This week's reading was very short, six chapters, but only a page and a half. Which was a good thing because I was originally going to teach next week, but the other teacher needed to go to SL suddenly. I was a little worried because its so short and at first I really couldn't think of a lot to say. But a bit of prayer and the first time we have had a large group and I made it.
As we start, in Moroni 1, Moroni is alone, and according to the date at the bottom of the page, has been, for twenty years. Many of us have known loneliness, but very rarely do we experience the depth of solitude that he had. Every other person he encountered would be his enemy. He must have felt a kinship with the prophet Ether, as he wrote Ether's last words, "Whether the Lord will that I be translated, or that I suffer the will of the Lord in the flesh, it mattereth not, if it so be that I am saved in the kingdom of God. Amen." Ether 15:34
We know he did wander for years. In those years he must have given these last chapters a lot of thought. These things written are what he was kept on Earth longer to write. We went through the next few chapters and talked about the importance of the ordinances, and the blessing of having the details. So often in the scriptures the information is vague, whether by intent or because of stylistic reasons, or even because there just isn't room. These precious chapters tell us how ordinations, the sacrament and blessings should be done. It also gives us a link to those ancient Saints, to know if they were to come to our meetings they would recognize many of the things we do.
As we moved to Chapter 6 we read a few quotes from President Hinckley and talked about why we come to church. Moab has a lot of people who are on the church's roles but do not want any contact. It is sad, because as Moro 6:4-5 says,
4 And after they had been received unto baptism, and were wrought upon and cleansed by the power of the Holy Ghost, they were numbered among the people of the church of Christ; and their names were taken, that they might be remembered and nourished by the good word of God, to keep them in the right way, to keep them continually watchful unto prayer, relying alone upon the merits of Christ, who was the author and the finisher of their faith.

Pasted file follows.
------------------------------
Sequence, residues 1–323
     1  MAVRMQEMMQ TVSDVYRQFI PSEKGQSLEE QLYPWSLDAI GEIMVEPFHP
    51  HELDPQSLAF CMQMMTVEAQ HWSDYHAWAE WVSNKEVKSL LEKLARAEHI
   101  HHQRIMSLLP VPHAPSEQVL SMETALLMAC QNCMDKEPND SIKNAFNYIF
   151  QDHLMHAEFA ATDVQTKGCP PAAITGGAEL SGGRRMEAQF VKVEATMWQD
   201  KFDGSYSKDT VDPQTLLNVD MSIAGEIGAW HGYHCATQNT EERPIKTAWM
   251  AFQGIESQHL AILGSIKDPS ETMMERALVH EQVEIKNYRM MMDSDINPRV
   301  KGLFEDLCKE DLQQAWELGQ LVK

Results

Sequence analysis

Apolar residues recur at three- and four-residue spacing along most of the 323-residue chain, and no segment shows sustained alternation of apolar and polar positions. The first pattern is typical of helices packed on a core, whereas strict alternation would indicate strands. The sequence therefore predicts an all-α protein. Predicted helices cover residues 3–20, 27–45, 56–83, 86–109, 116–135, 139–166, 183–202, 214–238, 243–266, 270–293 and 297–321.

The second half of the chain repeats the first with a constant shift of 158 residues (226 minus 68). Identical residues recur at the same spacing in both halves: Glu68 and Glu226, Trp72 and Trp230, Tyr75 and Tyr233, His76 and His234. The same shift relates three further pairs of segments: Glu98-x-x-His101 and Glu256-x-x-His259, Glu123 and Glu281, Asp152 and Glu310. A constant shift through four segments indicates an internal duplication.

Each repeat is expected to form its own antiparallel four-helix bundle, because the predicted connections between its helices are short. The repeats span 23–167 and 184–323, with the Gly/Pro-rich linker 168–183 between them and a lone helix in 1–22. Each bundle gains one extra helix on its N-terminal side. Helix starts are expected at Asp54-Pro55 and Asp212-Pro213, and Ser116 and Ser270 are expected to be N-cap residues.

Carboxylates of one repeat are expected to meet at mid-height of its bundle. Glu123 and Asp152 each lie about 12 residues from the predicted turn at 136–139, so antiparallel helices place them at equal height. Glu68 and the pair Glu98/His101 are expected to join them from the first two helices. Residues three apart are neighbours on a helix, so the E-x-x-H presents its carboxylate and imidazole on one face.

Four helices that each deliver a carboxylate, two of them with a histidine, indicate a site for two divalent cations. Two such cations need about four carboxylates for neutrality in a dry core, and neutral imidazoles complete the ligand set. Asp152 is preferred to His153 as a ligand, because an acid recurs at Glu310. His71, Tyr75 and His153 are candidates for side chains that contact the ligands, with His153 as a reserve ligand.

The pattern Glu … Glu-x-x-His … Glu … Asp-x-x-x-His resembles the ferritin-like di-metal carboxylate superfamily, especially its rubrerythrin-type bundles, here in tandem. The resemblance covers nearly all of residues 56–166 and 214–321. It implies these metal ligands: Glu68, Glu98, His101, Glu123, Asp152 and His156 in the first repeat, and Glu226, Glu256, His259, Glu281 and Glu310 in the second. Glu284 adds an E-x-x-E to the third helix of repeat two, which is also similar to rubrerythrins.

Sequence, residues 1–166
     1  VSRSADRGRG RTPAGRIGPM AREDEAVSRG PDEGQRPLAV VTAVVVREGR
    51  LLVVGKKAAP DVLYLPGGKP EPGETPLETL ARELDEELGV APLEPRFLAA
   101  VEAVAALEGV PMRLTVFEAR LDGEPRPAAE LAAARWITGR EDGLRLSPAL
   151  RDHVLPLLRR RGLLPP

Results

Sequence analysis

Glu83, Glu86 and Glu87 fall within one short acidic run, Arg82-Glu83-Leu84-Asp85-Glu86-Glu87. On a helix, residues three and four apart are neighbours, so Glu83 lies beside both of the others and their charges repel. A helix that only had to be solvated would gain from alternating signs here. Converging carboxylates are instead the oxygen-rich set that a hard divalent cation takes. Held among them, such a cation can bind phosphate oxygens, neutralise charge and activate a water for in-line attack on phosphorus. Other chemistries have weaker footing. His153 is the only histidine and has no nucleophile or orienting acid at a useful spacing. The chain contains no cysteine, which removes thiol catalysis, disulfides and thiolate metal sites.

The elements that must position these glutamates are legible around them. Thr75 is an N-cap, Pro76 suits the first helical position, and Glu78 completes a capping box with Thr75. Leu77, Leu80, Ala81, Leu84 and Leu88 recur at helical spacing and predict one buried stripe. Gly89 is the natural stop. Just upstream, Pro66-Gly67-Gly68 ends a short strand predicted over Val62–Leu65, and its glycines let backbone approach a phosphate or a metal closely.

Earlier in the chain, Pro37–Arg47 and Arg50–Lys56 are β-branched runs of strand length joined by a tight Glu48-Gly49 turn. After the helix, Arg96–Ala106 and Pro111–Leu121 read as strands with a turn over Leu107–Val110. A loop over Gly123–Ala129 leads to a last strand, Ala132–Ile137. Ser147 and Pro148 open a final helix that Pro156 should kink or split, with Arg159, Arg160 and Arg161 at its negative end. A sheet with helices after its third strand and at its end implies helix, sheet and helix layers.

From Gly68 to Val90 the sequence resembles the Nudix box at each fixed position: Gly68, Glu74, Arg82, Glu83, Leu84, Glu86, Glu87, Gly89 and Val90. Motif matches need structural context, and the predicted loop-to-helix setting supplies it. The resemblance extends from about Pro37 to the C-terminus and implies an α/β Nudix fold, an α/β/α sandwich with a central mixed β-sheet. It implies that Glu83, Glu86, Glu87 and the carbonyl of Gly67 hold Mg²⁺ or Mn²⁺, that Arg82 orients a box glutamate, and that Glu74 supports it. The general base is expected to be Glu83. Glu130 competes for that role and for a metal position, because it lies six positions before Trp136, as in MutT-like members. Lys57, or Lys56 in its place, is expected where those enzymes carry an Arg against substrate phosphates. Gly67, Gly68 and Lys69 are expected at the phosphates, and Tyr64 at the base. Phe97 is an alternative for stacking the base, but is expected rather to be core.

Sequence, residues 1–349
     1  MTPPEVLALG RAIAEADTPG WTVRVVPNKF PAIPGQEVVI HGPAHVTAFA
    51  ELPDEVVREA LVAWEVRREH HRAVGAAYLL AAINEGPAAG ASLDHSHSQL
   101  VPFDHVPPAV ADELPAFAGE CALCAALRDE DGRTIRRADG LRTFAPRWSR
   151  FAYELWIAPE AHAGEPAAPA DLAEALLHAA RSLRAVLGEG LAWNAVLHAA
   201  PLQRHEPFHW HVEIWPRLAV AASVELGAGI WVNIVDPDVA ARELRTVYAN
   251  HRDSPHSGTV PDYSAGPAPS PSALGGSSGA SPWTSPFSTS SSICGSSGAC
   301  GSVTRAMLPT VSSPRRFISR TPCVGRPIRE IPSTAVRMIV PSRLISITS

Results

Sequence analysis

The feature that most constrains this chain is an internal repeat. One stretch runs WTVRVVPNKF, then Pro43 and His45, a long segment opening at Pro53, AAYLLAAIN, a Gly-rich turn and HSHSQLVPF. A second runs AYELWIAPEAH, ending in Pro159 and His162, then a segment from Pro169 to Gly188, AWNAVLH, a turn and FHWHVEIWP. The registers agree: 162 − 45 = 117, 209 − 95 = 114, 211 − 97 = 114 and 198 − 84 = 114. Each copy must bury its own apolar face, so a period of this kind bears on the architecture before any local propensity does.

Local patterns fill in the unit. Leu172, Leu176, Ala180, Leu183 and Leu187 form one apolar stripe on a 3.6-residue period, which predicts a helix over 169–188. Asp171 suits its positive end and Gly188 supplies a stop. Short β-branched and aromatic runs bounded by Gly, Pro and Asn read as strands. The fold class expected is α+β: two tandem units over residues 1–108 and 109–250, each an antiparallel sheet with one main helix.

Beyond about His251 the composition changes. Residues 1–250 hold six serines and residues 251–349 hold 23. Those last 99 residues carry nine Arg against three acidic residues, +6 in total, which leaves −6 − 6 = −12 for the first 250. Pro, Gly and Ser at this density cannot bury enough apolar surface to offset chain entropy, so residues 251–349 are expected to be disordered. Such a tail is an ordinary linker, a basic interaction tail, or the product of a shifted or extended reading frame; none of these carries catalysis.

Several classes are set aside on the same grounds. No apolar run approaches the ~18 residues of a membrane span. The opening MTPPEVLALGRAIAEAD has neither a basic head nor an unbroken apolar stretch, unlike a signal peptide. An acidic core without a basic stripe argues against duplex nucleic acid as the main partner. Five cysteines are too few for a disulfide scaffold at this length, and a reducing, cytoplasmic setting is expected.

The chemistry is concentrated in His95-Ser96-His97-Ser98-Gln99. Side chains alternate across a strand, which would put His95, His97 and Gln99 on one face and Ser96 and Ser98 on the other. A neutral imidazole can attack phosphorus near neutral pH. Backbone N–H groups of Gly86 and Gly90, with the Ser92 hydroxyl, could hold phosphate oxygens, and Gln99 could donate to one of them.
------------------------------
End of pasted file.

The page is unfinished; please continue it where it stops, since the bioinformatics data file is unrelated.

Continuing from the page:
The names are not taken so the people can be hounded, pestered, or for some vague nefarious purpose that is hidden deep within the secret areas of the temple. We keep church records so everyone is remembered. So everyone can be "nourished" and loved, and reminded of the covenants they have made, and the blessing they receive by keeping them. Those who home or visit teach out of obligation, to mark off on their calendar that they did it each year are not fulfilling their calling. We are to love each other and by reminding each other of Christ, who (is) the author and the finisher of (our) faith, strengthen each other.
President Gordon B. Hinckley taught: “Any convert whose faith grows cold is a tragedy. Any member who falls into inactivity is a matter for serious concern. The Lord left the ninety and nine to find the lost sheep. His concern for the dropout was so serious that He made it the theme of one of His great lessons. We must constantly keep Church officers and the membership aware of the tremendous obligation to fellowship in a very real and warm and wonderful way those who come into the Church as converts, and to reach out with love to those who for one reason or another step into the shadows of inactivity” (in Church News, 8 Apr. 1989, 6).
I repeated those words, tragedy, and serious concern. How much effort should we make to prevent tragedies? What can we do to prevent them?
Elder Carl B. Pratt told of the feelings his family experienced as they visited different wards in the Church. Share the following excerpt with class members:
“Some wards our children loved to visit because they quickly found friends among the youth, and we all received a warm and hearty welcome. But there were other wards to which our children returned with less enthusiasm, and there was a noticeable absence of the warm and hearty welcome.
“We then began to observe that in some wards we visited … , if we had been investigators or new members, we would not have felt very welcome. …
“These experiences … made us conscious of the need we all have to improve what we call our fellowshipping skills. …
“Brothers and sisters, we have the richest blessings that God can give to His children. We have the fullness of the gospel of Jesus Christ. We ought to be the most open, friendly, happy, kind, considerate, thoughtful, loving people in the whole world. …
“Will nonmembers, new converts, and visitors to our chapels recognize us as His disciples by the warmth of our greeting, by the ease of our smiles, by the kindness and genuine concern that shine in our eyes?” (in Conference Report, Oct. 1997, 12; or Ensign, Nov. 1997, 11–12).
Read those last two paragraphs again. When was the last time you greeted someone you didn't know before the meeting began? When was the last time you sat next to someone sitting alone in Sunday School? What is the atmosphere of your ward? Would a visitor feel welcome in your chapel? "Moro 6:3 And none were received unto baptism save they took upon them the name of Christ, having a determination to serve him to the end." How often do we serve him, by loving his sheep we come in contact with every day?
I got the picture of Moroni here